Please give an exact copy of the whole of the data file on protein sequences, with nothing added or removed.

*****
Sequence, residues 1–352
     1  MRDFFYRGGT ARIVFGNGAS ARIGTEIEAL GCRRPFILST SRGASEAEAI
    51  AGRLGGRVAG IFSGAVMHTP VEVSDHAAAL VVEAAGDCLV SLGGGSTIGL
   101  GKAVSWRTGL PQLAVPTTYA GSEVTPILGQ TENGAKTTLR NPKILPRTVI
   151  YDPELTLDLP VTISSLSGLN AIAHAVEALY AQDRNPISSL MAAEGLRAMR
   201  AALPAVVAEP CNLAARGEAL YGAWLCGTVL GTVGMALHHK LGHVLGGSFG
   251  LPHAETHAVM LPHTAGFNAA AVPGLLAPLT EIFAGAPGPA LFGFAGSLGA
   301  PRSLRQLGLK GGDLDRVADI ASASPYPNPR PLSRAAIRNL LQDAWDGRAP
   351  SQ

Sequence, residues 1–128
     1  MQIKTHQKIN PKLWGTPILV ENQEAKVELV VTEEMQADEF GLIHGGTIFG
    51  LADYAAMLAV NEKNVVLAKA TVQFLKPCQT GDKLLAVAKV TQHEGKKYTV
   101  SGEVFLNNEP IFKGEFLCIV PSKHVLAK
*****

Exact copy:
Sequence, residues 1–352
     1  MRDFFYRGGT ARIVFGNGAS ARIGTEIEAL GCRRPFILST SRGASEAEAI
    51  AGRLGGRVAG IFSGAVMHTP VEVSDHAAAL VVEAAGDCLV SLGGGSTIGL
   101  GKAVSWRTGL PQLAVPTTYA GSEVTPILGQ TENGAKTTLR NPKILPRTVI
   151  YDPELTLDLP VTISSLSGLN AIAHAVEALY AQDRNPISSL MAAEGLRAMR
   201  AALPAVVAEP CNLAARGEAL YGAWLCGTVL GTVGMALHHK LGHVLGGSFG
   251  LPHAETHAVM LPHTAGFNAA AVPGLLAPLT EIFAGAPGPA LFGFAGSLGA
   301  PRSLRQLGLK GGDLDRVADI ASASPYPNPR PLSRAAIRNL LQDAWDGRAP
   351  SQ

Sequence, residues 1–128
     1  MQIKTHQKIN PKLWGTPILV ENQEAKVELV VTEEMQADEF GLIHGGTIFG
    51  LADYAAMLAV NEKNVVLAKA TVQFLKPCQT GDKLLAVAKV TQHEGKKYTV
   101  SGEVFLNNEP IFKGEFLCIV PSKHVLAK